DEAD PETS

This weekend one of our guinea pigs died. Having looked a bit out of sorts for a few days, it chose the day of my eight year old’s birthday party to finally shuffle off this mortal coil. This resulted in its having to spend a night unceremoniously dumped in a shoe box coffin on top of the wheelie bin until a more auspicious day could dawn for the funeral. Said guinea pig, Jojo, has now been duly dispatched with appropriate levels of solemnity and the matter is dealt with.

Or is it? Those of you who have been reading for a while will remember that I have stated quite unambiguously that when the current pets, said guinea pig and his brother Nibbles, die there will be no more,  bringing to an end the tradition of pet keeping in this house.

Nibbles is still looking pretty sprightly so the issue could be pushed to the back of the cupboard for a wee while yet except that my eldest already has the bit between her teeth. As is generally the case in my experience of the death of animals, Jojo’s blood had barely turned chilly but she was asking whether I would change my mind and allow a replacement of some description.

And now we get to the issue. Guilt. Again. In its many and varied guises it seems to haunt my life. It forces me to analyse why I have made this ruling and see if it stands up to scrutiny now that the hour of its enactment is approaching.

I’m sure you know how it is. The kids get a pet. There is great excitement whilst it is named. It gets manhandled ruthlessly until it nips someone and then it lives a solitary kind of existence in the garden. The children feed it only when reminded and moan incessantly when it is time to clean it out. Every time we go away I have to beg favours from my ever generous brother to do the honours. So what is a pet really adding to our household?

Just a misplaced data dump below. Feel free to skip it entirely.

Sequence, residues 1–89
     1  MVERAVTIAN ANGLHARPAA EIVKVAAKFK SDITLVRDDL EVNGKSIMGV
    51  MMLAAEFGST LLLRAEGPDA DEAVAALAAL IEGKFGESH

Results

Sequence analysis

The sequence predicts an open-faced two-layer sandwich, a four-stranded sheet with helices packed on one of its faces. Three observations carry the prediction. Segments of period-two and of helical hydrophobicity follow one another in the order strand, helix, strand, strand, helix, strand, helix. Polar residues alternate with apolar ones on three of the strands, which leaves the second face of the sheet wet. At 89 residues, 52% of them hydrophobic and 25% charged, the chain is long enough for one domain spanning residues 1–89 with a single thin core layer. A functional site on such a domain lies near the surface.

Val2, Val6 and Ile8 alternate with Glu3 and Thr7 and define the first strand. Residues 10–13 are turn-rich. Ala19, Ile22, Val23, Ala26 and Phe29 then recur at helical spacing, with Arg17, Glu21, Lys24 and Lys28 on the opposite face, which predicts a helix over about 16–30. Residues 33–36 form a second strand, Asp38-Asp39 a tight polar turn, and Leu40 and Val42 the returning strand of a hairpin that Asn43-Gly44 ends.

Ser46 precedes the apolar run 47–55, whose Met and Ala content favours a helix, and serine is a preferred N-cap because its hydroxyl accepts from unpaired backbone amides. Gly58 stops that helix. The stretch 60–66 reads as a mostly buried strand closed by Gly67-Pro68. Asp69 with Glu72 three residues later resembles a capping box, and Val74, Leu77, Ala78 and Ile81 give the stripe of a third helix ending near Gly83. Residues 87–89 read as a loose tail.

On the other hand, do I really want my children growing up remembering that they didn’t have pets because their mother wouldn’t let them. I can just hear the dinner party conversations in thirty years as my children recount tales of how they begged but their cruel mother was unwavering. A pet isn’t really that much hard work if it’s a small furry one. It’s just that my life is complicated enough and one less thing to factor in would be welcome.

Nibbles is in mourning. As I merrily go anthropomorphizing his behaviour the guilt builds. Not only is there the issue of his being the last ever pet but now he is all alone with his brother from whom he had never been parted gone. It’s enough to bring a tear to my eye.

Hopefully, Nibbles will get a grip and snap out of it and the issue will be put to bed for a while longer. Or perhaps I should just throw caution to the wind and get a new cat, my secret wish when my practical head is off duty. Answers on a postcard please!

One thought on “DEAD PETS

  1. Imogen – just get the cat or even 2 – you know you want to .
    yes they live a while (hopefully) and will be down to you to look after but they are at least worth the effort – We've done guinea pigs and rabbits (and ponies don't go there!) – small pets are just a waste of time and cleaning out – you get nothing from them at all. My cats ( cats protection maine Coon cross )are really pretty have fab personalities and talk to me ( in a yowl fashion). They are my midlife baby substitutes – obviously you had real ones for that! Even though they're mainly mine(!! )they have a strong bond with the kids and are a real part of the family – even Ged admits he loves them.
    Now dogs don't even go there – I'm resisting that one for ever …

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